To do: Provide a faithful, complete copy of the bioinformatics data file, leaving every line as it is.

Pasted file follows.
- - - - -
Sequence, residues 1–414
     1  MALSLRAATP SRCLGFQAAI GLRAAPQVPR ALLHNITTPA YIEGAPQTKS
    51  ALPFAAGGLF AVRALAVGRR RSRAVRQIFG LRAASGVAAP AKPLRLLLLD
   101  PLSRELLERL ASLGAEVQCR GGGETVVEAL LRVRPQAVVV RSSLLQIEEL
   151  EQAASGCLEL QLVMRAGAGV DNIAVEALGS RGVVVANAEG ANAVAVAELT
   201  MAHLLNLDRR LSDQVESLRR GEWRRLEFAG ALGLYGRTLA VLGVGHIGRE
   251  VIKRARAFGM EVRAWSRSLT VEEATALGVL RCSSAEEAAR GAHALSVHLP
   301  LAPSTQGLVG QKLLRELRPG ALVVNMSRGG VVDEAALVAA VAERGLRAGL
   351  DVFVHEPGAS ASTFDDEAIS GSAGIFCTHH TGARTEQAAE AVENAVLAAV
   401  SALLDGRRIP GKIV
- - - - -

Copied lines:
Sequence, residues 1–414
     1  MALSLRAATP SRCLGFQAAI GLRAAPQVPR ALLHNITTPA YIEGAPQTKS
    51  ALPFAAGGLF AVRALAVGRR RSRAVRQIFG LRAASGVAAP AKPLRLLLLD
   101  PLSRELLERL ASLGAEVQCR GGGETVVEAL LRVRPQAVVV RSSLLQIEEL
   151  EQAASGCLEL QLVMRAGAGV DNIAVEALGS RGVVVANAEG ANAVAVAELT
   201  MAHLLNLDRR LSDQVESLRR GEWRRLEFAG ALGLYGRTLA VLGVGHIGRE
   251  VIKRARAFGM EVRAWSRSLT VEEATALGVL RCSSAEEAAR GAHALSVHLP
   301  LAPSTQGLVG QKLLRELRPG ALVVNMSRGG VVDEAALVAA VAERGLRAGL
   351  DVFVHEPGAS ASTFDDEAIS GSAGIFCTHH TGARTEQAAE AVENAVLAAV
   401  SALLDGRRIP GKIV